The painkiller addiction epidemic has also led to a rise in heroin abuse. A new report by the Substance Abuse and Mental Health Services Administration also found that found that four out of five recent heroin initiates — about 79% — previously used prescription pain relievers non-medically. According to SAMHSA, the number of people reporting that they have used heroin in the past 12 months rose from 373,000 people in 2007 to 620,000 people in 2011. Similarly, the number of people dependent on heroin in the past 12 months climbed from 179,000 people in 2007 to 369,000 people in 2011.

As this editorial notes, despite the widespread nature of painkiller and heroin abuse, those who are addicted continue to be stigmatized.

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Pills cause most drug deaths globally: study

imgname--prescription_drug_abuse_on_the_rise---38647165--images--flickr_2931207680Although marijuana is the most popular illegal drug used worldwide, addiction to prescription painkillers such as Vicodin and OxyContin kill the most people, according to the first-ever global survey of illicit drug abuse.

Of the estimated 78,000 deaths in 2010 because of illegal drug use, more than half were because of painkiller addictions, according to the study, which was published Thursday in the medical journal The Lancet.

For all the drugs studied, men in their 20s had the highest rates of abuse, while the worst-hit countries were the U.S., Australia, Britain, and Russia, the study found.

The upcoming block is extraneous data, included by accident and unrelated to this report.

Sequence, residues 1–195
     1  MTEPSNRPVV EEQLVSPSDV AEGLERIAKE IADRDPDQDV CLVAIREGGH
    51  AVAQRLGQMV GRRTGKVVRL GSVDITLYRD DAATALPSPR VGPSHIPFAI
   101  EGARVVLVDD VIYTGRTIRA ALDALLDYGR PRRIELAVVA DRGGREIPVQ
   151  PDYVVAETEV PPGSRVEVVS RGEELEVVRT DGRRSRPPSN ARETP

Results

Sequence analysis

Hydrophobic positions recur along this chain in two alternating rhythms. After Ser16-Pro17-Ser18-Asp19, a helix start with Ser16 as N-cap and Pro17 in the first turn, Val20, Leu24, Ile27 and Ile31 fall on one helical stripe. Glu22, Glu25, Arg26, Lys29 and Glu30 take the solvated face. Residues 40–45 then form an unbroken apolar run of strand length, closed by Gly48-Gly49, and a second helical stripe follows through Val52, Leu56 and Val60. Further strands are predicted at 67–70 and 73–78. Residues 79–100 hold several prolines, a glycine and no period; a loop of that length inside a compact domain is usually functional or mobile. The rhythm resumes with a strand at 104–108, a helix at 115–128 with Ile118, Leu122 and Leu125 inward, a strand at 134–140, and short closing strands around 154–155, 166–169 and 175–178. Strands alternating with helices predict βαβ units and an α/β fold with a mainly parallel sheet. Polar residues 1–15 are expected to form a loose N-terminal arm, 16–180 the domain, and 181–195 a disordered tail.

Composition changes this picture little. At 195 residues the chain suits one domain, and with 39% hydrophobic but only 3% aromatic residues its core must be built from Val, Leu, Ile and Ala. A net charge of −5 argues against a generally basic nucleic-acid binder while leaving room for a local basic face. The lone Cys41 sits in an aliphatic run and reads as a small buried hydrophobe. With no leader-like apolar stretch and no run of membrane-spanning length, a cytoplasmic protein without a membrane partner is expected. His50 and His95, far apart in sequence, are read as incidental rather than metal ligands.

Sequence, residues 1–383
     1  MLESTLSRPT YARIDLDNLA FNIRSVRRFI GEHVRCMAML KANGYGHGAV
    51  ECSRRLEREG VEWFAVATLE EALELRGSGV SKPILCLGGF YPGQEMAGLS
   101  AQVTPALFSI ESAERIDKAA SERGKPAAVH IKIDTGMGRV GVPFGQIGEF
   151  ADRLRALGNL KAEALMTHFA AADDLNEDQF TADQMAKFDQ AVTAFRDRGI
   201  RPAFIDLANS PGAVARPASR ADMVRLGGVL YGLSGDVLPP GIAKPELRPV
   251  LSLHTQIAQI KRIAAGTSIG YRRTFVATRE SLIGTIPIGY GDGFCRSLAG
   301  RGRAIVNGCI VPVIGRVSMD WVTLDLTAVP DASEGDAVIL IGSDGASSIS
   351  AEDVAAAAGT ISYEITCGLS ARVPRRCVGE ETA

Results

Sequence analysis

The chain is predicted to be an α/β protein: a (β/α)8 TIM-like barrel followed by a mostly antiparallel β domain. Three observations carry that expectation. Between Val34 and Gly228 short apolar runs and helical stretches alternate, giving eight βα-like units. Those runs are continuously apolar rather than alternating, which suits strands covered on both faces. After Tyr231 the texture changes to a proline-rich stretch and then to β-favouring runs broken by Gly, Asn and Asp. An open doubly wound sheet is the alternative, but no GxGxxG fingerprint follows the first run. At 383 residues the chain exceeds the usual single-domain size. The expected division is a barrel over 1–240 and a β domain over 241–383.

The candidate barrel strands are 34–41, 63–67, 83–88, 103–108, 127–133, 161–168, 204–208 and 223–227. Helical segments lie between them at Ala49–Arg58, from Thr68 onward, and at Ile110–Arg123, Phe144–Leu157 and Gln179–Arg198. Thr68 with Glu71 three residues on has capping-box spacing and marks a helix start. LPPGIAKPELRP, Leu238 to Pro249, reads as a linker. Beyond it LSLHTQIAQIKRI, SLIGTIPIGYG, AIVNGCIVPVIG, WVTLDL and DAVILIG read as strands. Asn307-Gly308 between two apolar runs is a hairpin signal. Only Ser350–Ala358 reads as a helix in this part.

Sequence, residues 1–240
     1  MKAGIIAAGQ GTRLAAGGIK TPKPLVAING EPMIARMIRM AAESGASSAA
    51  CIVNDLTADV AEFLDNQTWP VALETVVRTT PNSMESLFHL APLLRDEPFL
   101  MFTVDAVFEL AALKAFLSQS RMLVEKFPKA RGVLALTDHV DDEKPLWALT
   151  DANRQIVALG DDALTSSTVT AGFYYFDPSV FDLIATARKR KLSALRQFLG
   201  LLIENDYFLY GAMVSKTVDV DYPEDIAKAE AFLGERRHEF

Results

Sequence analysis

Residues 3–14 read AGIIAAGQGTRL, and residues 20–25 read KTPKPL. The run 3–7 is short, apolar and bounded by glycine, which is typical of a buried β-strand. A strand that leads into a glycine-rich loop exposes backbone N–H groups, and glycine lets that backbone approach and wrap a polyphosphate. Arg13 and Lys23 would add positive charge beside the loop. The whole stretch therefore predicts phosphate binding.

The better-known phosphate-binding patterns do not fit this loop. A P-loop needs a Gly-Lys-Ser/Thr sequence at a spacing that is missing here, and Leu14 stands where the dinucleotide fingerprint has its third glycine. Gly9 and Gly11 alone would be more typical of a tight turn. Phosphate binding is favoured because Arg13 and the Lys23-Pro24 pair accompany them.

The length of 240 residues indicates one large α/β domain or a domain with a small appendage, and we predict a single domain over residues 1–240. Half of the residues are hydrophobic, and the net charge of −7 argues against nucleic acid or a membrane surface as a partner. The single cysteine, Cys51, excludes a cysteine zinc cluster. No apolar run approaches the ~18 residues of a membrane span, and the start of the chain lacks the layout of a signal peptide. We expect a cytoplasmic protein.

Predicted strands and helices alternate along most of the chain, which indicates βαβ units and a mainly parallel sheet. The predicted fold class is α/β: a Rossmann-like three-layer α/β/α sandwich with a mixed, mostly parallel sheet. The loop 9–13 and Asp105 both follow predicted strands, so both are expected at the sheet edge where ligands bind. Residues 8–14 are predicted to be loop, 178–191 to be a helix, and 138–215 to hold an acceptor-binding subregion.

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Painkiller abuse taking lives of N.C. soldiers

soldier drugsPrescription drug abuse has skyrocketed among American soldiers in recent years, and this article out of North Carolina discusses some of the many casualties associated with the huge spike in opiate painkillers in the Fayetteville area since the country went to war more than a decade ago.

A Fayetteville Observer analysis of state and county records found that opiate painkillers contributed to 95 deaths in Cumberland County between 2008 and 2011, more than the previous eight years combined, according to the article. In the counties surrounding Fort Bragg — Hoke, Harnett, Lee, Moore and Cumberland — prescription opiates have been a contributing factor in at least 395 deaths since 2000, the article says.

Moreover, more oxycodone — the main ingredient in Percocet and other addictive painkillers — was sold at pharmacies in the Fayetteville area than anywhere else in North Carolina in 2011, according to the article, while the sale of hydrocodone ranked third-highest in the state.

And painkiller sales during the past decade — when the VA saw an influx of Iraq and Afghanistan war veterans — spiked at higher than average rates around towns with military bases and large Veterans Affairs hospitals, the article says: in 2001, the Fayetteville VA prescribed hydrocodone to 1,130 patients; last year, that number soared to 47,586 patients — an increase of 4,100% in 11 years. Nationally, hydrocodone prescriptions rose by 56% from 2001 to 2011.

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Prescription drug OD deaths skyrocketing in women: CDC

helpOverdose deaths due to prescription painkillers have been on the rise among all segments of the population, but a new analysis of federal data by the U.S. Centers for Disease Control and Prevention has found that such deaths have quintupled among women since 1999.

Although more men are still dying of prescription drug overdoses, women are catching up: in the last 14 years, the percentage increase in deaths has been greater for women, spiking by 400% as opposed to 265% for men, the CDC says.

According to the agency, 6,631 women died of opioid overdoses in 2010 — more than twice the number who die from cervical cancer — compared with 10,020 men; in addition, while younger women in their 20s and 30s tend to have the highest rates of opioid abuse, the overdose death rate was highest among women ages 45 to 54.

In 2010, there were more than 200,000 emergency room department visits for misuse of opioids among women, one every three minutes, the CDC says.